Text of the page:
3 Myths About Resume Verification
February 23, 2015
Hiring managers review a potential employee’s resume for a variety of reasons. From exploring their job skills, to analyzing experience to getting a good idea of educational history. You might not question whether the information is accurate or deem it necessary to contact every past employer for verification. However, there are a few resume verification myths you may have heard that we’d like to dispel.
1. Candidates always provide accurate, current information on their resumes.
This myth can be quite dangerous to your company—if you believe it. You may trust a candidate’s resume regarding education and prior work history, but many job seekers tend to fib, embellish, or outright lie about their job skills. Hiring a person without the right experience to take on a position they’re completely unqualified for can cost you time and money. You expend resources to hire, train and develop your team, all of which are wasted when it becomes clear that the person is incompetent. You’ll need to start from square one and rehire the right person.
Even worse, you might be risking your livelihood if you hire a candidate based on an unverified resume. You can lose business and customers when you present an unqualified employee into a relationship with clients. The reputation you’ve spent so much time cultivating can be suddenly thrown into doubt with respect to customers.
2. It’s not possible to verify past employment information, so the process is unnecessary.
Another falsehood that can be problematic when using resume verifications as part of hiring is not believing in the process. Your doubts about the ability to confirm previous employment of a job candidate are misplaced, so you need to understand what’s involved with this type of check.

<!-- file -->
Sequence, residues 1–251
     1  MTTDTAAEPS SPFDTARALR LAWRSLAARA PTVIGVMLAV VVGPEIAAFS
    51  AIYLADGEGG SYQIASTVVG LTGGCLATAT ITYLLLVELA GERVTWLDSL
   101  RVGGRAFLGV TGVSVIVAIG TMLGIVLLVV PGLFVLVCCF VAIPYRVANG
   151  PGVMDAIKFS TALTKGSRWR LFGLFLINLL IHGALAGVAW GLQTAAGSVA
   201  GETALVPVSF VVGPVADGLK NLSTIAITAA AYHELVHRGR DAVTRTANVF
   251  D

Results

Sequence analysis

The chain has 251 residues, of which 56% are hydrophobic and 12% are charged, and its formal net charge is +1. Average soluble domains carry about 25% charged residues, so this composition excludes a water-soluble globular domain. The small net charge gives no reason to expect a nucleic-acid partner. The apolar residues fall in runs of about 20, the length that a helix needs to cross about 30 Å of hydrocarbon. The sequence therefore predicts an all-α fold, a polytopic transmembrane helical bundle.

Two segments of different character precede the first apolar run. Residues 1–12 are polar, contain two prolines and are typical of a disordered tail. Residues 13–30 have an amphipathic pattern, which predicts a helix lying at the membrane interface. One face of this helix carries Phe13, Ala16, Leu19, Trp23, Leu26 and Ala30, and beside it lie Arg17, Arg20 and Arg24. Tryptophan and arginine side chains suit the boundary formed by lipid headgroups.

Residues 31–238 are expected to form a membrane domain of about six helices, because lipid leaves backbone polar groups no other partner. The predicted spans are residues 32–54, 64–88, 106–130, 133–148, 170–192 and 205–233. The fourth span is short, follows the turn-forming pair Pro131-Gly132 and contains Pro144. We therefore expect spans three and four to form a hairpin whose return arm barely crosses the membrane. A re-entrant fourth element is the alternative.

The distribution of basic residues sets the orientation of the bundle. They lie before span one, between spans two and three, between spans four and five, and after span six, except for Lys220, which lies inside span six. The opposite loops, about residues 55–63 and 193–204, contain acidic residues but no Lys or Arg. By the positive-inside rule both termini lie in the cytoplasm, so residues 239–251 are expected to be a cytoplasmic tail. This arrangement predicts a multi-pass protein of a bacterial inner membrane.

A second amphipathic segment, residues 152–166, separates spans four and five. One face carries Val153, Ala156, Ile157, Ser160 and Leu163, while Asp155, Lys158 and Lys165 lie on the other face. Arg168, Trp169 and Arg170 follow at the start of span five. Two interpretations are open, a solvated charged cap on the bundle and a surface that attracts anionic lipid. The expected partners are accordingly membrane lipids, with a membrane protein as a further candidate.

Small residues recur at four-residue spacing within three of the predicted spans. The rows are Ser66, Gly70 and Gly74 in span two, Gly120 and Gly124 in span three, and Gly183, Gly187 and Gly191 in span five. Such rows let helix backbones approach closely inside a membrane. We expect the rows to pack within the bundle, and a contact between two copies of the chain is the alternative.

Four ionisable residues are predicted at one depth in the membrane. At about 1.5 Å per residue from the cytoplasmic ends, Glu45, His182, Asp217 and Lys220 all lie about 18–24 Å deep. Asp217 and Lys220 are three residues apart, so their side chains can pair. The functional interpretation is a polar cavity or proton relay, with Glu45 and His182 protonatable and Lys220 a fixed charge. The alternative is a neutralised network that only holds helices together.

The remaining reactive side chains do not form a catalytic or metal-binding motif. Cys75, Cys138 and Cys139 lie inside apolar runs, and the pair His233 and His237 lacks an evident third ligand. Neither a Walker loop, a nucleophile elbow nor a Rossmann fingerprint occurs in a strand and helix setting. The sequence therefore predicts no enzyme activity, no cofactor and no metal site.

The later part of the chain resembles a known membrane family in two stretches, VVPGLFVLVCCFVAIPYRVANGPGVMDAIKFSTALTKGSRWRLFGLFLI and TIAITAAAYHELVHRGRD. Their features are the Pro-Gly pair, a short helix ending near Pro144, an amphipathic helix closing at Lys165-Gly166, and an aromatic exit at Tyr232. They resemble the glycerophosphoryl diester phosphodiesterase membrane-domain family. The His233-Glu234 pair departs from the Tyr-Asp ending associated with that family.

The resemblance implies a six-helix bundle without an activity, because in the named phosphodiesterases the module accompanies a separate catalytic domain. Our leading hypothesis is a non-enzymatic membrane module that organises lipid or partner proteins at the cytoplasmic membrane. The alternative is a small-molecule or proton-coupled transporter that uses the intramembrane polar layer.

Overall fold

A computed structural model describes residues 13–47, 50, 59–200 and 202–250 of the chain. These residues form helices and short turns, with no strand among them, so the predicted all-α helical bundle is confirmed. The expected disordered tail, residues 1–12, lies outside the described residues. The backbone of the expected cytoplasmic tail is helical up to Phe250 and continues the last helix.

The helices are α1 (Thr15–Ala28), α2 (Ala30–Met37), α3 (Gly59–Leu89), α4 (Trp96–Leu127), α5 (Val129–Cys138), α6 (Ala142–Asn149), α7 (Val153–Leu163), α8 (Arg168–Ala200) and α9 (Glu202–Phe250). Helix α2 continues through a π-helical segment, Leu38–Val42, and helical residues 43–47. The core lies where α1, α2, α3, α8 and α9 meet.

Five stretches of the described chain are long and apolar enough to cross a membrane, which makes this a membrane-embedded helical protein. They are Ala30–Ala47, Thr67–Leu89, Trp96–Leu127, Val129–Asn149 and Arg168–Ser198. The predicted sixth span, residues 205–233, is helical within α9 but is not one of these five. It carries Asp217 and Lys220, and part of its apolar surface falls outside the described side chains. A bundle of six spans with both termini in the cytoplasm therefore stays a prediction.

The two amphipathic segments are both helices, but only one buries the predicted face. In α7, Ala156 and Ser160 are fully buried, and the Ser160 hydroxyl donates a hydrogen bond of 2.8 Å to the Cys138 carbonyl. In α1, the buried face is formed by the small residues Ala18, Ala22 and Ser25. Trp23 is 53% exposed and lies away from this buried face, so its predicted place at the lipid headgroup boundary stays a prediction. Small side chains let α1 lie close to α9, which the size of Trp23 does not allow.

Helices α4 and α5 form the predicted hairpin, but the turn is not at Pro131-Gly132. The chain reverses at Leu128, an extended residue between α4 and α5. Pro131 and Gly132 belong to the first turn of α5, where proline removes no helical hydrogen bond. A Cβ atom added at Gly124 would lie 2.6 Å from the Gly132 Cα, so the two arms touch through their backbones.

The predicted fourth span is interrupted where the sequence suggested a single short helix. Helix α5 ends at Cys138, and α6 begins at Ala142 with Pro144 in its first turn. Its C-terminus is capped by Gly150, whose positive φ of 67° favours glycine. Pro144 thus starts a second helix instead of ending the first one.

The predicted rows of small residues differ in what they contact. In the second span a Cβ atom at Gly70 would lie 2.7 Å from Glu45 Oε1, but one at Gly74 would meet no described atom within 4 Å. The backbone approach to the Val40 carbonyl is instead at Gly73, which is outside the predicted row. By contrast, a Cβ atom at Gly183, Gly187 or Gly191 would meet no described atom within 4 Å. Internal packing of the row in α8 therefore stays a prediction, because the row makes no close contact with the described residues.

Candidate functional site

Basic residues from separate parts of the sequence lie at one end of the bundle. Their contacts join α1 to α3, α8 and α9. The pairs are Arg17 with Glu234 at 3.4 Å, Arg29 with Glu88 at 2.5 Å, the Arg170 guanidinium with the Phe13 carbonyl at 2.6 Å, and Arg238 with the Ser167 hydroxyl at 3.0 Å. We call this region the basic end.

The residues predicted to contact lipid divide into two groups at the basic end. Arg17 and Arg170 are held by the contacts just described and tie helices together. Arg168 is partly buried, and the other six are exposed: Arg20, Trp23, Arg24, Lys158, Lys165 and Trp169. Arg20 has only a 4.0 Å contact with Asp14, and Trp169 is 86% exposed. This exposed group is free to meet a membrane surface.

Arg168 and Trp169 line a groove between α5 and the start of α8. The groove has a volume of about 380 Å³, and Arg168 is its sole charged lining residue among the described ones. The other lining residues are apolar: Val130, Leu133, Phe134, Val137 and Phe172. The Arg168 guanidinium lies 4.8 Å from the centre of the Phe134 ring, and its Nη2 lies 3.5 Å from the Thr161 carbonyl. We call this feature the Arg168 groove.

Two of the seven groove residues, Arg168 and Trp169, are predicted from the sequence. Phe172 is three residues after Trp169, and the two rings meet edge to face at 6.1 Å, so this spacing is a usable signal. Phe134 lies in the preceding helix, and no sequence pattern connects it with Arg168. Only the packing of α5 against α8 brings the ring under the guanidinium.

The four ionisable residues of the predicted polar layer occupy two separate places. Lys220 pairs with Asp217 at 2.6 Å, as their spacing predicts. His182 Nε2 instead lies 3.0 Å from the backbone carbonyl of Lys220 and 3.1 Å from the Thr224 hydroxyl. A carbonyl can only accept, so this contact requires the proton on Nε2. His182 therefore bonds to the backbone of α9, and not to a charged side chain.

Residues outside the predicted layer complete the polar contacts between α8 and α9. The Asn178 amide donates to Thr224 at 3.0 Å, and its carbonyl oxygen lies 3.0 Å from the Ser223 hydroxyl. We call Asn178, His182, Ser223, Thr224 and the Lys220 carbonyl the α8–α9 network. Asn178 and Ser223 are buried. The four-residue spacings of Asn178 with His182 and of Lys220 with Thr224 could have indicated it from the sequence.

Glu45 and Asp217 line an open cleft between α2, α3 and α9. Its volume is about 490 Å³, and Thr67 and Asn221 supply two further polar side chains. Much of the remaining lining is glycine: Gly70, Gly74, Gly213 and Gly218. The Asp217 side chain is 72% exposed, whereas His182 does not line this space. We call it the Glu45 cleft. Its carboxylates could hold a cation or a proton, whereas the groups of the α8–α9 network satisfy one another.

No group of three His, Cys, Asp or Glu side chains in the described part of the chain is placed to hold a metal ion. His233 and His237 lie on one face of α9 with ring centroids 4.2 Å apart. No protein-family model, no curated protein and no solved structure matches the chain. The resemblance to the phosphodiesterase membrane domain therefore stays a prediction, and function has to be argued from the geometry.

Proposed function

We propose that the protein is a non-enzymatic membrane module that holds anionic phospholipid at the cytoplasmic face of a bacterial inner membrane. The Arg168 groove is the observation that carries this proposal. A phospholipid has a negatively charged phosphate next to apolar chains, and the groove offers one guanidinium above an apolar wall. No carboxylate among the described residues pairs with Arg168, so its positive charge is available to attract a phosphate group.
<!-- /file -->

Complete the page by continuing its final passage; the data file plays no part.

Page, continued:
While it’s not possible to verify past employment in every case, EmployeeScreenIQ is able to obtain verification on 85% of the time. And 11% of the time, we find that the company is no longer in business. And even for those that can’t be verified, the reason is typically that either the company closed or no records were found. A mere 4% of companies refuse to cooperate, so companies have a good chance of receiving the verification.
Another key component to the verification process, is making every effort possible to obtain the verification. Two of the main reasons a verification might not be possible could be due to the fact that the company is closed or that they no longer have the employee’s record—many companies discard records after seven years.
3. Even if you do resume verifications, discrepancies aren’t typically revealed.
Once you understand the process of confirming a person’s employment history and background, it’s obvious that this cliché about resume verifications is false as well. Discrepancies will be disclosed when you compare the results of the verification process to the information provided by your candidate.
Resume Verification Can Identify Issues Such As:
- Fraudulent degrees
- Incorrect employment dates
- Graduation date
- Inflated salary history
- False job titles
Many background screening companies have even uncovered lies where a person’s previous employer never existed or fake names are used for references. Resume fraud happens every day, from the smallest white lie to a larger scale.
In EmployeeScreenIQ’s experience, 50% of resumes contain an education or employment discrepancy of some sort.
These myths might be an eye opener or something you’re already aware of, but they demonstrate why resume verifications are a wise component of the hiring process. Even if 99% of the candidates you check are absolutely truthful, you’ll realize how critical verification is for the 1% that you don’t want working for your business.